Despite growing awareness and increased cyber security efforts, health care organizations are having a hard time staying ahead of cyber criminals. In fact, according to a new report from the Ponemon Institute, health care organizations experience cyber attacks an average of 11.4 times per year—or nearly once per month.
The report, generated by surveying 535 health care IT and IT security practitioners, contained several other troubling key findings:
- Known vulnerabilities are the most common source of security incidents. Existing vulnerabilities that were more than 3 months old were the most common point of attack, according to 78 percent of respondents. Web-borne malware (75 percent), vulnerabilities less than 3 months old (70 percent), spear phishing (69 percent) and lost or stolen devices (61 percent) rounded out the most common causes.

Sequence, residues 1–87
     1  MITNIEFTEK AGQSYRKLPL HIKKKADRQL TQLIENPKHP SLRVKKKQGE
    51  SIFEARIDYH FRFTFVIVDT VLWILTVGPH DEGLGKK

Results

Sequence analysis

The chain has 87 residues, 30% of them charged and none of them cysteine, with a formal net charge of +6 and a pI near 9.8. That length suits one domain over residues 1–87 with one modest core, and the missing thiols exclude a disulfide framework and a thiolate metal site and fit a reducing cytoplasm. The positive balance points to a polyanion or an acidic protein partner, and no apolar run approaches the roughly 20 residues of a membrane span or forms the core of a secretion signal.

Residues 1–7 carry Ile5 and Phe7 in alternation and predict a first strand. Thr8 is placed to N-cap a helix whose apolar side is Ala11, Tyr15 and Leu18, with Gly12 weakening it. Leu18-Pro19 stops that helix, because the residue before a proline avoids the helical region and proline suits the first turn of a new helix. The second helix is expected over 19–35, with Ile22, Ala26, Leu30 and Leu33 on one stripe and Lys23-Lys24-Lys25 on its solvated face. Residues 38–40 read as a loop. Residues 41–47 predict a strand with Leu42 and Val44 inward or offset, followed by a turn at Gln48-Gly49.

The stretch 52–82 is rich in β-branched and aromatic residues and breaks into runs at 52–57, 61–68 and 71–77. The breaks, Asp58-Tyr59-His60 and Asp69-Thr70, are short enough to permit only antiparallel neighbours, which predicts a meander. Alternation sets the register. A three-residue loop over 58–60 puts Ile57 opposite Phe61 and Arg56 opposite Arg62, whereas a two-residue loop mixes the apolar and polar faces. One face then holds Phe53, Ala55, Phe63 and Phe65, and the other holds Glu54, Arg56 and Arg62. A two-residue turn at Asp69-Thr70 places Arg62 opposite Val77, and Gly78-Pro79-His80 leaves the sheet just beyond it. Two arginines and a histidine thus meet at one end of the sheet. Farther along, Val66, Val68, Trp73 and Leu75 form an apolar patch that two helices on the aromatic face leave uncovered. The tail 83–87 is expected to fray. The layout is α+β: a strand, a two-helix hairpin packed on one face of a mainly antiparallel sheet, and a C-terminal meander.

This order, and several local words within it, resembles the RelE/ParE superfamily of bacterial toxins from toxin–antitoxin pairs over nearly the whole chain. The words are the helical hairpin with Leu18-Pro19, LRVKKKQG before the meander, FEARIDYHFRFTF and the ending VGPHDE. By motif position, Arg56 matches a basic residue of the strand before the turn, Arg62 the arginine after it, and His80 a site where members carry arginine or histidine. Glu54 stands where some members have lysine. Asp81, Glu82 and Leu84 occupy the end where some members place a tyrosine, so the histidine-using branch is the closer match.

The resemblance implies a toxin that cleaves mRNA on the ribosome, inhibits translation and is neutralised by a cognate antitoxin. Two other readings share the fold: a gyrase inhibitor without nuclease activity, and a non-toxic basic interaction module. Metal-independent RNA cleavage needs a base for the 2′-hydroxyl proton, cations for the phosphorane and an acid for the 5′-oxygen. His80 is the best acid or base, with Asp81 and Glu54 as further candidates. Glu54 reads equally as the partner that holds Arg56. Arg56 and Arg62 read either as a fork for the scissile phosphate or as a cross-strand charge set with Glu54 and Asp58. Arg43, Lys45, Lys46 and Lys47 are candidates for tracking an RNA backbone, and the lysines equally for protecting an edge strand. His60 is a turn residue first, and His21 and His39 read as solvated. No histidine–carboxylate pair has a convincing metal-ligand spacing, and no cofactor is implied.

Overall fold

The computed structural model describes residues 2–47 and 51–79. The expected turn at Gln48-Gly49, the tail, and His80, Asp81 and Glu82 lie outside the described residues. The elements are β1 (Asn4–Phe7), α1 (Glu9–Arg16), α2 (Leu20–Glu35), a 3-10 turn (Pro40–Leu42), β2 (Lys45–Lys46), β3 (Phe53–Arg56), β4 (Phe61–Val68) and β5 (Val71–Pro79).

- Advanced persistent threats occur every three months. Only 26 percent of respondents said their organizations had systems and safety controls in place to stop advanced persistent threats (APTs) —attacks in which an unauthorized person gains network access and remains in the network, undetected for a long period of time—and 21 percent said they were unsure what safety measures, if any, their organizations had in place to stop APTs.
- Prevention and detection systems aren’t sufficient. When asked, 49 percent of respondents said that cyber attacks have evaded their intrusion prevention systems, but 27 percent said they were unsure. Likewise, 37 percent said cyber attacks got past their anti-virus or traditional security controls, but 25 percent were unsure.
The report also suggests that resources may be an issue. Despite being targeted so often, respondents’ organizations devoted only 12 percent of their IT budgets to information security.
|Don't forget our risk assessment services are included in our
Find out if ELEVATE is right for you.